Restrictions on fundamental rights: More courage to be normal

Waiter with face mask and registration forms, guests in a café in Berlin: At some point there comes a point where you have to weigh up

Photo: Jochen Eckel / imago images / Jochen Eckel A mountain is best climbed one step at a time. But what do you do if the mountain is constantly being filled up again during the ascent?

Sars-CoV-2 kills many people tasted, undoubtedly. But the measures taken against the pandemic have also wreaked havoc. Many will only be seen later, when state support for companies or the self-employed ends. Others may even later, when it becomes clear how many children and adolescents have been severely impaired in their educational path or have suffered psychological damage.

After all, that’s what politics promised: As soon as everyone has received a vaccination offer, the top of the mountain is reached . From then on it goes down again, back to normal.

But that sounds quite good now that everyone could be vaccinated without prioritization different. A return to normalcy for all German citizens is now a long way off. Unvaccinated people should be prepared for an uncomfortable time. Pay for tests yourself, like Finance Minister Olaf Scholz ( SPD ) proposes. No more admission to larger joint events, such as Minister of the Interior Horst Seehofer (CSU) says. Certain offers such as visits to restaurants or the cinema could remain restricted “even for those who have not been vaccinated”, as Head of the Chancellery Helge Braun ( CDU ) brings into conversation.

This is like compulsory vaccination through the back door. As long as herd immunity is not achieved, the virus will be kept in new variants – and with it possibly the restrictions.

Yes, the data situation has changed. The number of people who want to be vaccinated has been overestimated. And the arguments in favor of caution should not be downplayed: Unvaccinated people, as carriers, endanger other people more than vaccinated people do, say many scientists. As the incidence increases, so does the risk that there will be more severe courses, says logic. There are people who cannot be vaccinated and stand there defenseless.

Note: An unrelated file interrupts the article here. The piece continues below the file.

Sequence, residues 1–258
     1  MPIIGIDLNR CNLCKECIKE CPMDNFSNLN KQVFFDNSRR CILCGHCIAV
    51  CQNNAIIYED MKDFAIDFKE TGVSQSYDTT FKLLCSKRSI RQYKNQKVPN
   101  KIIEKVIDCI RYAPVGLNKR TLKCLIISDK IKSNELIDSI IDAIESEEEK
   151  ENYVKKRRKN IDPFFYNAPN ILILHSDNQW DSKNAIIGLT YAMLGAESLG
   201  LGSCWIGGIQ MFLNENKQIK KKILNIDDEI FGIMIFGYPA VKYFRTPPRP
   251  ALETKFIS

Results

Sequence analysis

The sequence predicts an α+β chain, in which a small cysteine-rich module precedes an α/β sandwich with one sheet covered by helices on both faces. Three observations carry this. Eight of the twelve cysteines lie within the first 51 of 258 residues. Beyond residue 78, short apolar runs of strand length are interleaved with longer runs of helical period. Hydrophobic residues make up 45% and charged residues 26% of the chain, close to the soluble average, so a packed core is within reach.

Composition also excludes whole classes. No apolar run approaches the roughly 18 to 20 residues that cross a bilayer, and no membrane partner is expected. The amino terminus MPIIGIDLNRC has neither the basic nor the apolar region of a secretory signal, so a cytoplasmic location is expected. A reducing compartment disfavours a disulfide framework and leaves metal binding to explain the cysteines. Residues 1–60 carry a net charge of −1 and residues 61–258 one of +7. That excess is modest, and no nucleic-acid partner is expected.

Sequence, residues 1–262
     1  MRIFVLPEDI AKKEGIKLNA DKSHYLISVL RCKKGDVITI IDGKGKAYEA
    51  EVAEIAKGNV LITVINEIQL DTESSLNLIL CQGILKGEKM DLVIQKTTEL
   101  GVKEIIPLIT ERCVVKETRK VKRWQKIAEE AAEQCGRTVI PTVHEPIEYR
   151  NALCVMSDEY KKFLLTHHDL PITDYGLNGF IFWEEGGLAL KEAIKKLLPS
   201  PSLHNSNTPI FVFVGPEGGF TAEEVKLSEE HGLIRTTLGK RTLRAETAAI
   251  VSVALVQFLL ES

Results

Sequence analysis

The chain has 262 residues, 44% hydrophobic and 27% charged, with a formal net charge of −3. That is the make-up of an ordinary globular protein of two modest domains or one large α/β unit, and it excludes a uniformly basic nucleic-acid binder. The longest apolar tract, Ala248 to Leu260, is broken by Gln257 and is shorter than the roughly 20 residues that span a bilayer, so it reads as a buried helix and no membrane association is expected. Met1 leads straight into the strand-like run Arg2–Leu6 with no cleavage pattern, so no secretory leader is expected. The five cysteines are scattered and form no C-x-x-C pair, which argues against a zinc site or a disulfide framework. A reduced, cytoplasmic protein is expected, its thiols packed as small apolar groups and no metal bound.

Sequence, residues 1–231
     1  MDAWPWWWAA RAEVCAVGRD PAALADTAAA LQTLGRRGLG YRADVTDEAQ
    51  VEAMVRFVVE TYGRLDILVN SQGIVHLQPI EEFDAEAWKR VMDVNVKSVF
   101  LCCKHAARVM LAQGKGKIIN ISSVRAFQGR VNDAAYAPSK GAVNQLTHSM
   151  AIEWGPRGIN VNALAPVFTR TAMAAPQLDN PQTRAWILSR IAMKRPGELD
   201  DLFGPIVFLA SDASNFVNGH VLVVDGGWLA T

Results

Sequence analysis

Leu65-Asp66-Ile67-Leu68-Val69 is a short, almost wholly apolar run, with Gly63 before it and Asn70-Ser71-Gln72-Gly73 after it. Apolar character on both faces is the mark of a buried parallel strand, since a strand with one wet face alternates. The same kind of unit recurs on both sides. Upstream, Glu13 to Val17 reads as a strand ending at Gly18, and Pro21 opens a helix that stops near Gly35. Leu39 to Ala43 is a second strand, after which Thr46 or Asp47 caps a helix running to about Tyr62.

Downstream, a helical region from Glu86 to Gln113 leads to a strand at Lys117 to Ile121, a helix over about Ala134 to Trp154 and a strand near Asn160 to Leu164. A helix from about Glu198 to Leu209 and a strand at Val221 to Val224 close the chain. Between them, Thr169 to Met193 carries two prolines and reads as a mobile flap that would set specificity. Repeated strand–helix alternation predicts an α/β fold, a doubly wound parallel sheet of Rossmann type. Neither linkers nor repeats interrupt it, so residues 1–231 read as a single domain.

But at some point it will come Point at which one has to weigh up whether the danger justifies all of this: the restrictions on fundamental rights, the educational misery, the silent suffering of the children, the devastation of entire branches of the economy, the radicalization of part of the population in the face of the more or less open threat of at least one indirect compulsory vaccination. One should ask oneself whether too much is not breaking down in the finely woven web of our society. Whether the will of most citizens to obey the rules is not overstrained if too much is asked for too long.

Instead of normality control, the trend is intensifying to drive new scapegoats through the country. And there were already some who were held responsible for ensuring that the pandemic was not overcome.

mulled wine drinkers.

Mallorca tourists.

People who have visited their families abroad.

Migrants in general.

Children sledding.

Protesters.

Youngsters in parks.

So now the next scapegoats have been identified: people who do not want to be vaccinated.

Most of these people do not commit crimes, are nice neighbors, and often respected members of their communities. And yet they are made contemptuous, their fears dismissed. “The general public has to pay for the indolence and stupidity of those who oppose the vaccination,” says Leopoldina researcher Armin Falk.